Bravo. I got my first job as a reporter in 1974; eventually moved to the news desk; started plotting to replace Atex with Macs in 1990; got involved in the startup of a primitive online edition in 1993; and left journalism in 1996 to work at a large software company. Today, I design user interfaces for a living, and wild horses couldn't drag me back to a print newsroom, for all the reasons you describe.

I read two papers a day in print and more online, but my college-age kids don't, and probably never will. Mass media are fragmenting into something else. The creative destruction is only beginning.

At the place I work now...

-- All organizational structures are temporary, and are replaced the moment they outlive their usefulness. All org charts are instantly out of date. Most people don't care what their job title du jour is. The only thing that's permanent is change.

-- The power of a good idea, supported by data, is greater than the power of hierarchy or tradition. If your idea is powerful enough, you can launch a virtual startup within the company.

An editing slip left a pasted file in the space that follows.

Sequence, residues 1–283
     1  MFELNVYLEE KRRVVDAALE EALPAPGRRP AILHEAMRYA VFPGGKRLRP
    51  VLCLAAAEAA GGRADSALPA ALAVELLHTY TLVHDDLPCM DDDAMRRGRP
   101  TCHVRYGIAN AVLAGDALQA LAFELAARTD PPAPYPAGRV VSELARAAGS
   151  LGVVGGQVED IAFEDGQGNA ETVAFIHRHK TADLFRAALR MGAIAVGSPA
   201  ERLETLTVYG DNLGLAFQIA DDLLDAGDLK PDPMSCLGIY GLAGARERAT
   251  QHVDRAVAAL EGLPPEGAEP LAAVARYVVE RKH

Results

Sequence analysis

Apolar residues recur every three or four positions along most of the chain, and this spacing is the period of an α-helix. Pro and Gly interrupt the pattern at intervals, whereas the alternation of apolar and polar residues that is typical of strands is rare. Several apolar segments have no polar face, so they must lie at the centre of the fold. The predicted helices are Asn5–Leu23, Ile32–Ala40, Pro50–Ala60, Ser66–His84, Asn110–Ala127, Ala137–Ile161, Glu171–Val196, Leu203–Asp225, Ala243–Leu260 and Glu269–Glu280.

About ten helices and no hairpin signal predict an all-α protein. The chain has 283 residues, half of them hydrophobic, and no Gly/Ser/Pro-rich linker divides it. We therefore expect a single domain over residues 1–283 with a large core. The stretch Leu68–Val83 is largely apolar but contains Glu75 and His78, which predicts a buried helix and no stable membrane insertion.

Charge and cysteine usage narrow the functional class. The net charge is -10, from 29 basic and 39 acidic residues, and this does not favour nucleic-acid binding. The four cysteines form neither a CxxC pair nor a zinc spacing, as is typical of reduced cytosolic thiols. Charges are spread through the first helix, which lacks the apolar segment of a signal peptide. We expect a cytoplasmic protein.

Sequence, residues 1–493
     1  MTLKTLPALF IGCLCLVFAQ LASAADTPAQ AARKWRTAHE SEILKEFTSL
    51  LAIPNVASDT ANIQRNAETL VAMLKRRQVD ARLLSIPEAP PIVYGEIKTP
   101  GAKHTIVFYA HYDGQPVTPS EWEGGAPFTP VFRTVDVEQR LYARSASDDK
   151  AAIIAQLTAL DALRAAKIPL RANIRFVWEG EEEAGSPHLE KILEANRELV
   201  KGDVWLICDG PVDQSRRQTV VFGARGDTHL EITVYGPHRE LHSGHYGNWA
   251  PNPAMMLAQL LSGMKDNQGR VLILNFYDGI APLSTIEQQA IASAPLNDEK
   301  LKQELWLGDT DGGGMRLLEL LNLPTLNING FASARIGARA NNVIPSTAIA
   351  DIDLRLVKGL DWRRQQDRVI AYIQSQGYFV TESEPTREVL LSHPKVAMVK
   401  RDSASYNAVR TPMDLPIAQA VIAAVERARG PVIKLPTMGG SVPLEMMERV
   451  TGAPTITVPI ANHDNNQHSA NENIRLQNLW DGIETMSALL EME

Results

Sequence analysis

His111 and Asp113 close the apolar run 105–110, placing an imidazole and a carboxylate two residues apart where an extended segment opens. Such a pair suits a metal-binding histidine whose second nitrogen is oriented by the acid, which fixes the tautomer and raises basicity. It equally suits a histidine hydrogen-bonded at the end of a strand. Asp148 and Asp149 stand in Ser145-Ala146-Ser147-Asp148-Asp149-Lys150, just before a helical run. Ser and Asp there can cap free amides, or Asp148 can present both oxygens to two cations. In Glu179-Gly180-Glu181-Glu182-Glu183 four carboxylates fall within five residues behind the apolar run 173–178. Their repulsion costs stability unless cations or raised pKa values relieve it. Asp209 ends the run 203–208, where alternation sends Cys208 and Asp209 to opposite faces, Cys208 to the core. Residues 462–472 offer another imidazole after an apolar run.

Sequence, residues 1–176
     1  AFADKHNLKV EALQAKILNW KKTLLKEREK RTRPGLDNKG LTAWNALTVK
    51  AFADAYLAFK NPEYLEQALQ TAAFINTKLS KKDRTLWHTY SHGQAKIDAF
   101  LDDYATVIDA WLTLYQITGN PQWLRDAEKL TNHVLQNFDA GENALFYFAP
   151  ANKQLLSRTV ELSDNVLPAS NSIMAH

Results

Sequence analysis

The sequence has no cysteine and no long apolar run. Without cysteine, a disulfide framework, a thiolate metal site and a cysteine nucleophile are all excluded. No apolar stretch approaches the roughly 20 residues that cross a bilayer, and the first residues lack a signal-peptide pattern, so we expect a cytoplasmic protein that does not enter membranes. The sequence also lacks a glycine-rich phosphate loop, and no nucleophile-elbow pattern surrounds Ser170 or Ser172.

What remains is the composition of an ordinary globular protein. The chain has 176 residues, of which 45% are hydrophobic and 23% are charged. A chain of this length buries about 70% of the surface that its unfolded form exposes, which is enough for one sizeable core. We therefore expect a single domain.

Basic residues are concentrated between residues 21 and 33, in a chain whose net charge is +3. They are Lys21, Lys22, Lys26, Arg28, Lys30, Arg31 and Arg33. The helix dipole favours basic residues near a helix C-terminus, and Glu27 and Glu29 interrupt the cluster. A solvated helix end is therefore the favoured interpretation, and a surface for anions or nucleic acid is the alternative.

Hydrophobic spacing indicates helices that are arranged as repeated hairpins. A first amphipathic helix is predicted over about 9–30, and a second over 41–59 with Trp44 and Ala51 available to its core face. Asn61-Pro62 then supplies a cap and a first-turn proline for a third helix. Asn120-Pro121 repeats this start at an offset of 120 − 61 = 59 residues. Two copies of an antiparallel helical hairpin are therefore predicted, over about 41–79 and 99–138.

-- The culture is studiously egaliatarian. Except during growing pains, everyone has a private office. Everyone's office is the same size. Everyone has the same furniture. Almost no doors lock. There are no reserved parking spaces.

-- There is no time clock. There is no dress code. No one cares how you work, as long as you get the job done and do it well. If you're working on a complicated project and need quiet, you can telecommute for the day.

-- Meetings are for making hard decisions. If you're making an easy decision, or just reporting status, use email.

-- Hiring is a science. Every job is analyzed for the technical and interpersonal skills it requires, and candidates undergo a grueling day of interviews designed to test them for each of those skills. Managers are expected to hire people who are better and smarter than they are. No one is indispensable. People are encouraged to move around within the company, so that they learn more about everything it does. There is a career path for individual contributors who aren't interested in managing people. There are no sinecures and no pigeonholes. Poor performers are given opportunities to improve. If they don't, they are gone.

-- Every employee is responsible for contributing to the bottom line -- and for knowing how their work contributes to it, and for not doing work that doesn't contribute to it.

If the newspaper industry had been like this, I wouldn't have left.

What prevents the newspaper industry from being like this, except the dead hand of tradition? People made it. People can change it.